How is life in Iraq? Depends on your point of view. A bunch of us were talking the other night; one friend, very angry, said: “Did you see what happened today in Antar Square? The Americans came, blocked the street and attacked the toy store. They were smashing kid’s bicycles!” Another friend, listening carefully, asked: “Was there a big loading truck with them?” Yes, came the reply. The second friend then told his version: it turned out he’d been at the store buying a bike for his son. “I was in the middle of tough bargaining with the shopkeeper when two Humvees and a truck stopped out front. One of the Humvees waved all the cars to pass. Soldiers from the second Humvee said they wanted to buy some bicycles. It didn’t take a long time, as they didn’t bargain, and they bought a huge number of bicycles and filled the truck with them and left.” Whom to believe? Here are two good friends and both were on the scene. As for me, it didn’t take a lot of effort to figure out who was closer to the truth. Those bikes have probably been delivered to a local school.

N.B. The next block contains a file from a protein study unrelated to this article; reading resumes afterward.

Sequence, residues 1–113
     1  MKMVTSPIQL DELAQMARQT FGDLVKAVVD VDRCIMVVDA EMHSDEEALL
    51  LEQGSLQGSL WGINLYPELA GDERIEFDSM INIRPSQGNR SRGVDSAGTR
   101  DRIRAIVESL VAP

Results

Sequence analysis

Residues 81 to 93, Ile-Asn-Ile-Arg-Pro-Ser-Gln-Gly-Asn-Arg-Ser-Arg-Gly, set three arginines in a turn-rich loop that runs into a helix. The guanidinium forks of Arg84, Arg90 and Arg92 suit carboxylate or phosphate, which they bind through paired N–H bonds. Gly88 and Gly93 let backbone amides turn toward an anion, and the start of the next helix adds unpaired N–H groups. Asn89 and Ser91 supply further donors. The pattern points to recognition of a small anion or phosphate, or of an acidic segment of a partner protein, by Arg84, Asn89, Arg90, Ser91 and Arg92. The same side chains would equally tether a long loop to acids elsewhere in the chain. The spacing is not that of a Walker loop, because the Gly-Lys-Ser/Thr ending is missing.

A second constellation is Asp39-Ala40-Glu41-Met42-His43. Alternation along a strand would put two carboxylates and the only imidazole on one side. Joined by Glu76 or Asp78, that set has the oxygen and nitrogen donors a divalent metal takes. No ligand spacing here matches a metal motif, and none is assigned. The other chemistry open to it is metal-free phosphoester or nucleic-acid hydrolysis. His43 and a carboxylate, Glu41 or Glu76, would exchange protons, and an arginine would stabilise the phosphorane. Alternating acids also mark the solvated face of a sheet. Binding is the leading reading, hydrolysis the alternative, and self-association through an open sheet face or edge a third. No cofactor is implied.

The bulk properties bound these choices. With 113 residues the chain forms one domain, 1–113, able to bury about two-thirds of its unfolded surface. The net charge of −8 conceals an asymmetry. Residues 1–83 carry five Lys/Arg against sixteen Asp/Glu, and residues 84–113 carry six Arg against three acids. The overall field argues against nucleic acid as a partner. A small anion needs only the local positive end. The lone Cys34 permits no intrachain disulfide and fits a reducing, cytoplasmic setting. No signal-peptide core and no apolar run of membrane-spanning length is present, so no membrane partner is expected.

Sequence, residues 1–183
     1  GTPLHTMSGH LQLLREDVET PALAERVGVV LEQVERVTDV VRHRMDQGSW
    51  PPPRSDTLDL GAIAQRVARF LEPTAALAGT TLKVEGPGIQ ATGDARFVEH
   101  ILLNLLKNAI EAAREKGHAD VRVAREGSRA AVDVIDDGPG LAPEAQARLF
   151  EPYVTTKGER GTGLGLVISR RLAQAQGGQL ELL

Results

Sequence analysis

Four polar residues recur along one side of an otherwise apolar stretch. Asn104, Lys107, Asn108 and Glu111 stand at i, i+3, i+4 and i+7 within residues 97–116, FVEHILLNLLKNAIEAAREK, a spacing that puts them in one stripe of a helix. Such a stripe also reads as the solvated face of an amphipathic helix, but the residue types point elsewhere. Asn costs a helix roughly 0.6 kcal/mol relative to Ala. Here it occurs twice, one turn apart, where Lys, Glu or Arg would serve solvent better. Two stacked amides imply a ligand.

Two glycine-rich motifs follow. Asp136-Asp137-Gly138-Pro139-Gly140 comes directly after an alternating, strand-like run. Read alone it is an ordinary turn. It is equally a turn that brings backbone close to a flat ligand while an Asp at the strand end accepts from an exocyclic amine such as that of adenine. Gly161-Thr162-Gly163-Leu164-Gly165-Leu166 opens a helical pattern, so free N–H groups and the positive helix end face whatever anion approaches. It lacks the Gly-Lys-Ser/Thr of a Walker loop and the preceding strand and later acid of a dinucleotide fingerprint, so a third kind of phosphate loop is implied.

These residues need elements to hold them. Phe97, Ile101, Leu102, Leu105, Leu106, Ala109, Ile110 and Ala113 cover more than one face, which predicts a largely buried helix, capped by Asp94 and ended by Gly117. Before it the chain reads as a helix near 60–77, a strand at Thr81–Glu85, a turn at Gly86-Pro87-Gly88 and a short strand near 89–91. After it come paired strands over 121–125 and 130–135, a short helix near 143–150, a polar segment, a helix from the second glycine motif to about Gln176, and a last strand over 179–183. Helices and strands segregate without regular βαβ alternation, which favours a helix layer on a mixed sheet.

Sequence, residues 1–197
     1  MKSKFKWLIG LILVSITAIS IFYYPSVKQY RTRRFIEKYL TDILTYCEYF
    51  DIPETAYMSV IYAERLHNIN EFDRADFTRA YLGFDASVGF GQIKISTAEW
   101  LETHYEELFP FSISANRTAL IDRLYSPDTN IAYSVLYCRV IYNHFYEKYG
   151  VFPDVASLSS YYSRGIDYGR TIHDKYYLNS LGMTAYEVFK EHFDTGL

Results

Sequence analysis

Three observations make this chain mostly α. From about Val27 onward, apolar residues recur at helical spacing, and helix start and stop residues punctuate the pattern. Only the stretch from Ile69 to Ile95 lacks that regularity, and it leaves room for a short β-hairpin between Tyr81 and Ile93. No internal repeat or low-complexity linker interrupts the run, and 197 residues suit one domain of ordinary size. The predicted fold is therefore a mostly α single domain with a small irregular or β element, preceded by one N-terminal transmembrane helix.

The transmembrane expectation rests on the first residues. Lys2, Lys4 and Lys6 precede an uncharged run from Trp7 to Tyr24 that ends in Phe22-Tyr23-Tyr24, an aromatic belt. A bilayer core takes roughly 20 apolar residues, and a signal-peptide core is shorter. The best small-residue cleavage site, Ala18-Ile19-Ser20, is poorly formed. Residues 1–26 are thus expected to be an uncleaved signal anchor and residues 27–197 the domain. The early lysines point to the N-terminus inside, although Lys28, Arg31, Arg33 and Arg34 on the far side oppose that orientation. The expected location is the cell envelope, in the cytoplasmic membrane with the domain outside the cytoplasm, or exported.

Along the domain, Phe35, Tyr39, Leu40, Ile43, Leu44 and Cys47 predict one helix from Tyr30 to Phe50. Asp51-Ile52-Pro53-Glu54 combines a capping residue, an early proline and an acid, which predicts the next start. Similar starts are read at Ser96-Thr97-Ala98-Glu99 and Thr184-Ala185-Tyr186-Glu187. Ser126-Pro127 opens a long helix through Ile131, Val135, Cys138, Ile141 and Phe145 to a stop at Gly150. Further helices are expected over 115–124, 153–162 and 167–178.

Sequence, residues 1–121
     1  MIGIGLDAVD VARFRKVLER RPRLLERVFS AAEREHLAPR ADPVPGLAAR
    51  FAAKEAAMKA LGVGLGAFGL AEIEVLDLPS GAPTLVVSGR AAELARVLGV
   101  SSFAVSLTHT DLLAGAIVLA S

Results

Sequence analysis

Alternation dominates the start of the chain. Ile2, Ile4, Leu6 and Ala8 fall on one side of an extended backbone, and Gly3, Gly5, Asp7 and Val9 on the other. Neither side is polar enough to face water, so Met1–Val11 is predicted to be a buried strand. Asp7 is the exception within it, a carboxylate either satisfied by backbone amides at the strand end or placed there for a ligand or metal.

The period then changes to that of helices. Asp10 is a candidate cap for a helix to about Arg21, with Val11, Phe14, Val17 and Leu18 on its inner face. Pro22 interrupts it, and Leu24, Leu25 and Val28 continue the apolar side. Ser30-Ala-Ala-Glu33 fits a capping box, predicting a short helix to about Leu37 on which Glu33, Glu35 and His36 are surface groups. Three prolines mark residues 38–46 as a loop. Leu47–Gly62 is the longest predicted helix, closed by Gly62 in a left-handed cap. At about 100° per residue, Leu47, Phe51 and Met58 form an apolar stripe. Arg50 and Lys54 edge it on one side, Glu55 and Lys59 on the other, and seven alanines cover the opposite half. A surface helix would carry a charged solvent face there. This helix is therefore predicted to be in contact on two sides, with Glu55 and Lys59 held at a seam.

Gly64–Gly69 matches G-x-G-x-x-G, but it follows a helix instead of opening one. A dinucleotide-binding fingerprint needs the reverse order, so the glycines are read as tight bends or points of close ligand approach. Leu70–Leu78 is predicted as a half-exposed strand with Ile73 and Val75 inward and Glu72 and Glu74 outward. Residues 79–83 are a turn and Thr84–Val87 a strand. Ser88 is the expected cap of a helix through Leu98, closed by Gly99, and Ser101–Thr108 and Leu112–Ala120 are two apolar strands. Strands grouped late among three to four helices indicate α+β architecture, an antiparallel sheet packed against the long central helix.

Fisk away

Fisk away

: Andrew Sullivan asked any blogger to create a transcript of Fahrenheit 9/11 and a day later, here’s the first chunk. And here’s Andrew’s take on the messianic parallels between Michael Moore and Mel Gibson.

What’s really happening in Iraq

What’s really happening in Iraq

: Winds of Change has a roundup of what the Iraqi bloggers said about the handover of power.

: Here’s Michele’s roundup.

: And reservist and writer Eric Johnson tells a story of the Washington Post’s bureau chief in Baghdad telling one view of what’s happening there, the dark view.

A place for my stuff, cont.

A place for my stuff, cont.

: Today’s packed PaidContent has two great items that point to the future of a Place for My Stuff: